Thesis: Preface

Preface
If I tried, I might be able to find events or dawnings in my own childhood that would suggest I would one day want to create a video dictionary. There was, for instance, a drawing contest I won when I was around eight years old. I drew a scene featuring different modes of transportation, which I associated with different countries. It was a meaningful victory, since otherwise I was never considered to be a child with an aptitude for art. Looking beyond childhood, I think the network of ideas that would lead to the current Vidtionary project began to form in 1999, the year I moved to Tokyo to teach English. Besides having to learn to teach English, it was my first time living in a non-English speaking country. A few months previous I had bought my first video camera, which at the time was still very much a luxury item. I had no idea what I would film or why, but nevertheless enjoyed using the camera as an extension of my eye, zooming into the middle of traffic, to the top of tall buildings, or out into the waves of the sea. When not teaching English, I spent my time filming random scenes of Tokyo, or else poring through Japanese study books, which deceptively promised to teach me Japanese in three weeks or less. I became fascinated by Chinese characters. Some of the easiest, pictographic characters, such as the ones for ‘river’, ‘mountain’, ‘mouth’, ‘moon’, and ‘person’ actually resembled the thing they were meant to represent. In other cases, characters could be combined together (not freely combined, mind you) to create new meaning, such as the welding of the ‘water’ and ‘teeth’ characters to make the word ‘spit’, or ‘person’ and ‘tree’ characters to make the word ‘rest’. I would spend the next seven years living in Japan and also Korea. Wherever I would go, flash-cards would generally be in my pocket, an electronic translation dictionary would be in my bag, and a video camera bag over my shoulder. Living in Korea, I began to study the ancient Chinese 1000 Character Classic, a primer that used to be used to teach characters to children. I set about creating a video version of this classic, which would visually represent the meaning of the characters within. This task proved to be overly time-consuming, and I did not proceed past a few early verses; however, what I did create was visually burnt into my memory. Around this time, I also created my first animation, a meditation on what it would be like if birds could swim and fish could fly, which I had originally written for an English lesson. One day, for some reason, I filmed a thick book closing, the pages flashing by, and upon editing this, the word ‘resolution’ jumped off one of these pages. I created a short video loop called ‘resolution.’ This ‘resolution’ video may have completed the final circuit, which brought me to the idea of a video dictionary. It seemed Vidtionary would be the perfect project to merge my video and language wanderings.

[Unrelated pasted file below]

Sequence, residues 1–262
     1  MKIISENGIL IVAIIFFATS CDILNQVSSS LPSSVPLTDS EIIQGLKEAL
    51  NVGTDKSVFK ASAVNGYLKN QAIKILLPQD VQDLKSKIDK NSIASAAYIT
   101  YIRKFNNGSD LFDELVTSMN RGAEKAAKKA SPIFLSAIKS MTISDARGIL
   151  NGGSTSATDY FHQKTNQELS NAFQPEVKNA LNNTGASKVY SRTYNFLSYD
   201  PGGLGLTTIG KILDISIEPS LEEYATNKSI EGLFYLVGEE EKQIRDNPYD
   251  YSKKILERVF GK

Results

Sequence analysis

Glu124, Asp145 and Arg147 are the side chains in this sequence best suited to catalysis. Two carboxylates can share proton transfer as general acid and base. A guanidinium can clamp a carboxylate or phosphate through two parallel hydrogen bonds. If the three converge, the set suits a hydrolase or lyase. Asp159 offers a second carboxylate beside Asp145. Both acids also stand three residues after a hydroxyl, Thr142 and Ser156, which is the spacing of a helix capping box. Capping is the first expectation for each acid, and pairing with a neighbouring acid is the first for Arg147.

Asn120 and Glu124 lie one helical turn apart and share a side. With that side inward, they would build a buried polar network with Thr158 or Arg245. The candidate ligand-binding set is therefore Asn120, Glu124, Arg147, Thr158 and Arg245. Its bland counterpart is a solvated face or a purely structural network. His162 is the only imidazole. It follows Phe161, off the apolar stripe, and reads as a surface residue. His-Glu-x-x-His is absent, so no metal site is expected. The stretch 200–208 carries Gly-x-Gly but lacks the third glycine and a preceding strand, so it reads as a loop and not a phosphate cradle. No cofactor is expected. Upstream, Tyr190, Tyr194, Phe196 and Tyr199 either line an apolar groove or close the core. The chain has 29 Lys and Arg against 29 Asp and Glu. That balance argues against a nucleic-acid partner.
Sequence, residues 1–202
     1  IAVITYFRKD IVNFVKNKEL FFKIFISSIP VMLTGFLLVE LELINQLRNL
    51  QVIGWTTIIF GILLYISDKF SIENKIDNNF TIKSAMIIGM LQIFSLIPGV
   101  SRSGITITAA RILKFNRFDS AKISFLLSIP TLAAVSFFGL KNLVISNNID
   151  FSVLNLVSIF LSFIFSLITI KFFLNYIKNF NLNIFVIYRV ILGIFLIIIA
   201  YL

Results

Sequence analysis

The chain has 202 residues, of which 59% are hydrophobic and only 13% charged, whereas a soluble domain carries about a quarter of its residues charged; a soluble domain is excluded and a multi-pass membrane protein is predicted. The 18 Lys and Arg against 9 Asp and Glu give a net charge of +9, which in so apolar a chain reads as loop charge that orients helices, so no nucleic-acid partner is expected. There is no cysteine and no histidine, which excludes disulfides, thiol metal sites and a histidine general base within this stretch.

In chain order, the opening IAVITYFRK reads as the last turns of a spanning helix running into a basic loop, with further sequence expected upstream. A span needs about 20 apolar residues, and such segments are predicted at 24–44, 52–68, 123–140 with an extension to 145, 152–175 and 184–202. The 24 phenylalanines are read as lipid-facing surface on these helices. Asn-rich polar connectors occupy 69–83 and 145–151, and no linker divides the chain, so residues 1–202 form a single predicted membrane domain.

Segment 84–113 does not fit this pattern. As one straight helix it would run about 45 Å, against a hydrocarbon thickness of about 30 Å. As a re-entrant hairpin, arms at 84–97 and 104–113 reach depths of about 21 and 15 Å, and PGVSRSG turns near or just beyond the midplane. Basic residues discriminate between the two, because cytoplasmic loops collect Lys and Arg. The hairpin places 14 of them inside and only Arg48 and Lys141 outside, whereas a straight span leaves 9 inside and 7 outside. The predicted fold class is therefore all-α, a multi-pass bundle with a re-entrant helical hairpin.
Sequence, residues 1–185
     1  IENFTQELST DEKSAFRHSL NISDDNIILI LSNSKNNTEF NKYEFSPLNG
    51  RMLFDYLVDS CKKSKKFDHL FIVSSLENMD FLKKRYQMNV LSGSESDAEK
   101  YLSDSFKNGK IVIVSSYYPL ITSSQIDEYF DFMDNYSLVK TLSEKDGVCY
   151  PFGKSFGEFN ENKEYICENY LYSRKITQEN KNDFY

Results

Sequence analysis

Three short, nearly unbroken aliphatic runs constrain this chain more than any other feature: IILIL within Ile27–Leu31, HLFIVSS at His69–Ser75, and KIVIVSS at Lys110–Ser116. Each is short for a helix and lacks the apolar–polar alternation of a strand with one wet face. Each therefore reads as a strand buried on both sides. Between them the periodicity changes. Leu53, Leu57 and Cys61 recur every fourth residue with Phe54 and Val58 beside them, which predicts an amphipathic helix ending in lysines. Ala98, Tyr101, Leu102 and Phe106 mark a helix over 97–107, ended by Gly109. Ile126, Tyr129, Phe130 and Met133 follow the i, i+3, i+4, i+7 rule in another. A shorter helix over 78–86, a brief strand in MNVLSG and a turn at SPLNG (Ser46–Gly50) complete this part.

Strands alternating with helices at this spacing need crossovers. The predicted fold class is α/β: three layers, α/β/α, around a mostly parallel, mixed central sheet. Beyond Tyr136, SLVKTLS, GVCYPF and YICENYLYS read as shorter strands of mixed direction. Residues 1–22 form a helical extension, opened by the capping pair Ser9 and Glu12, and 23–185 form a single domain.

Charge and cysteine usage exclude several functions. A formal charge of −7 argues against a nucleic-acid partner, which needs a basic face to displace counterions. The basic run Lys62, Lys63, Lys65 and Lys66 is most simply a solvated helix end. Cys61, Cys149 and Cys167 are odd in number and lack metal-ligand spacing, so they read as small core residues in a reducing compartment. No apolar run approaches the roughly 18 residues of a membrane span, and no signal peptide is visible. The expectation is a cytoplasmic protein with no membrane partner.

Before teaching English in Tokyo, I had no formal teaching experience and my undergraduate degree (Political Science) was unrelated. I soon found that word-based games were a regular part of my teaching repertoire, used as warm-ups early in the lesson or time-fillers at the end. In one game, I would say a sentence, but leave out the verb, and students would have to say the verb, and then make their own missing-verb sentence. One student would have to describe something while the others would have to guess what it was. For instance, “It’s green or red, it’s round, and it’s a fruit. What is it?” The school I worked at would also keep magazines around which the teachers would cut up in their free time. A shelf of plastic bins had a bin for different categories such as places, people, and objects. Teaching a lesson on modal verbs, I recall taking a picture of the Alps, and telling the class of adults, “This is a picture of Japan.” The students then had to explain why the photo could not possibly be Japan, but must surely be the Alps. In later years, when I increasingly taught children, I regularly played games like Pictionary or Charades. In the game Pictionary, one player draws something, while the others have to guess at what is being drawn. In the game Charades, one player performs an action, while the others have to guess what the action is. When the video dictionary idea came to me, I could easily envision an activity, where I would show a sequence of images and students would have to guess what word would link the images together. It seems natural that the idea of a video dictionary would emerge, when my life at that time was so much concerned with simple words and their representation in pictures.